Compensatory structures are complex psychological configurations that are an integral part of the overall self or the personality of an individual. As their name indicates, they compensate for certain primary structural deficits in the self, and they do this by activating another structure. Thus, when the mirroring pole, the idealizing pole, or the pole of twinship/alter ego of the self are deficient or underdeveloped, one of the other three becomes the dominant force in the functioning of the self of the person in question.
The deficiencies come from the developmental failures of early childhood concerning self-object experiences, and thus the self's development. Compensatory structures derive from more optimal self-object relations. They are different from defensive structures, which serve merely to protect the self from any further wound. Compensatory structures go beyond this to become more or less independent of any protective purpose and thus intervene in a gratifying, vitalizing way: they become the self's main way of orientating itself. Thus, they transcend the fragility of the original structural deficiency, which then becomes resistant to any analytical intervention. Compensatory structures make up for the deficit, whereas defensive structures cover it over.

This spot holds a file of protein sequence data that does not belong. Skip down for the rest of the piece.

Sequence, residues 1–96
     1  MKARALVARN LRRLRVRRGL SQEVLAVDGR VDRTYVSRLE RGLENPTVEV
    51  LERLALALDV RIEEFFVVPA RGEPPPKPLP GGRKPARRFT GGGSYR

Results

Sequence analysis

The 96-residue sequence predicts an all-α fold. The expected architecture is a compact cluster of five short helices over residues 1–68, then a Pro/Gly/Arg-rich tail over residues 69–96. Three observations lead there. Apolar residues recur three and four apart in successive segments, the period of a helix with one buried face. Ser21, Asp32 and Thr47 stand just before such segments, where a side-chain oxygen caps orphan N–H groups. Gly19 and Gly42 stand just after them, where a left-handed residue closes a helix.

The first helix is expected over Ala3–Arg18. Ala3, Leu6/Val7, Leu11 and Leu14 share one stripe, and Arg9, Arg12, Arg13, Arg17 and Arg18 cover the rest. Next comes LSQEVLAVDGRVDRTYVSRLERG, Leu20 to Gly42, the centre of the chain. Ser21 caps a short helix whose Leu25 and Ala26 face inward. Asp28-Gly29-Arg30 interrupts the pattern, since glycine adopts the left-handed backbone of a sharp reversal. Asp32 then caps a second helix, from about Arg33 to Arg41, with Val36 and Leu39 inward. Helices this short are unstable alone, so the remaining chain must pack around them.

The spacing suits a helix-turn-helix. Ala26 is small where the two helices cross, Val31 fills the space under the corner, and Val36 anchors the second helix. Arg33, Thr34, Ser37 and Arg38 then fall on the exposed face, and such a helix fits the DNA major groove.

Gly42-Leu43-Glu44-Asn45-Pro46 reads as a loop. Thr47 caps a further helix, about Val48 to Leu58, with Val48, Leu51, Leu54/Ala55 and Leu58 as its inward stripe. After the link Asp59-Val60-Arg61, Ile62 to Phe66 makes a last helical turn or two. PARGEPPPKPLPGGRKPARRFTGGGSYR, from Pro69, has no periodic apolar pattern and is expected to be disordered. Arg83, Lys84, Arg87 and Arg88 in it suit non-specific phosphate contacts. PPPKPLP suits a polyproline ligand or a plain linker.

Though defensive structures can and must be analyzed to reach into and make up for the structural deficit that they protects, compensatory structures cannot and must not be analyzed in an attempt to bring to light the underlying deficiency. In The Restoration of the Self, Kohut says that a successful analysis is one that enables a compensatory structure to be fully developed and consolidated. One neither can nor should try to determine or direct the course of such an analysis, insofar as the development of the self remains a multi-potential process that draws on and chooses from the stock of available self-objects. Instead of deciding that all defenses should be analyzed, it might well be that analytical activity is not indicated for the compensatory structure.
See also: Self; Self-object.
Kohut, Heinz. (1977). The restoration of the self. New York: International Universities Press.